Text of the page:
By the Gates of Jericho

On his way to Jerusalem Jesus passed through the ancient city of Jericho with its defensive walls and city gates. The traffic from the surrounding farms into the marketplaces attracted beggars with their bowls among whom were many suffering from blindness. Victorian travellers often wrote about the large numbers of the population suffering from partial or complete blindness in one or both eyes. The dry heat from the sun, the microscopic dust floating in the air, the incessant flies and lack of hygiene meant blindness was commonplace and of various degrees. The restoring of sight to the blind is the healing miracle mentioned most in the gospels.


It is sometimes a surprise for us today to read about some of the methods Jesus used when healing the blind such as spitting in their eyes (Mark 8:23) or daubing them with mud (John 9:6). These stories give us a glimpse into the world of folk religion and magic that Jesus lived and walked in and we need to recognise that we don't always know what caused blindness or how it was healed. What the gospels and later histories make clear is that Jesus was renowned as an extraordinary healer and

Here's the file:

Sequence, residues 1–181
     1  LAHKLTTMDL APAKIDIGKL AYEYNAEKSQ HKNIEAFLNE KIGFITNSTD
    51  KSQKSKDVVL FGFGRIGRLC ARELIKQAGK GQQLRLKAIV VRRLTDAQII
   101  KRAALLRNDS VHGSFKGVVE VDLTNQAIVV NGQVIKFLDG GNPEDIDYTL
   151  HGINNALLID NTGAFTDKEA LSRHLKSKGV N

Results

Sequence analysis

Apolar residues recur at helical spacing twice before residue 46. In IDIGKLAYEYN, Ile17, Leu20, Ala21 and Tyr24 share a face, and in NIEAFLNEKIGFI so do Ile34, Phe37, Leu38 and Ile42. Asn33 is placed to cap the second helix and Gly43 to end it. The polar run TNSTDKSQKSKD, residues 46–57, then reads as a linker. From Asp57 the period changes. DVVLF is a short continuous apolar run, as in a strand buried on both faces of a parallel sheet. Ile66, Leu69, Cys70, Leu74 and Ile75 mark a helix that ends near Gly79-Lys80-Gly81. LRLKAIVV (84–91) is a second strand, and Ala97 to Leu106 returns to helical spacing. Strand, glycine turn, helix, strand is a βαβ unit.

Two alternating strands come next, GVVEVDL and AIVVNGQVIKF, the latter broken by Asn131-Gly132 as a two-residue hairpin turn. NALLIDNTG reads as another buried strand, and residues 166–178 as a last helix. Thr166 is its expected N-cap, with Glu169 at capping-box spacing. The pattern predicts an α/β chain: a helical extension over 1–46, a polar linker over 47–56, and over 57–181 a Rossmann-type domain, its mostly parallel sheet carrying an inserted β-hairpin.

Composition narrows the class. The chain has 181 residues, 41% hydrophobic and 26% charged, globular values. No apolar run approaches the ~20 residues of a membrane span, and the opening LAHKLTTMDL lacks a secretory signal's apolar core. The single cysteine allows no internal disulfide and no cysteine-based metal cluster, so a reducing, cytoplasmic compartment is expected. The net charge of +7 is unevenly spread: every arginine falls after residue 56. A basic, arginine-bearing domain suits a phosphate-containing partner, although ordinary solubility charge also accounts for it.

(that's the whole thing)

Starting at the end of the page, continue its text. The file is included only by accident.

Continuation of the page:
attracted crowds of those who brought their sick and infirm for his blessing.

At one of the gates knelt a blind man with his begging bowl calling out for mercy and generosity from passers by. They were simply part of everyday life and the giving of alms was an expected duty. Whenever a beggar heard his bowl receiving coins he was expected to thank the giver with loud cries of gratitude exclaiming to all around that here was one whom God would bless for their gracious and noble generosity. There was quite a bit of theatre involved but it was all part of the everyday bustle of life in ancient Judah.

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An artists impression of the walled city of Jericho.

As he approached Jericho, a blind man was sitting by the roadside begging. When he heard a crowd going by, he asked what was happening. They told him, “Jesus of Nazareth is passing by.”  Then he shouted, “Jesus, Son of David, have mercy on me!”  Those who were in front sternly ordered him to be quiet; but he shouted even more loudly, “Son of David, have mercy on me!”

Luke 18 : 35 - 39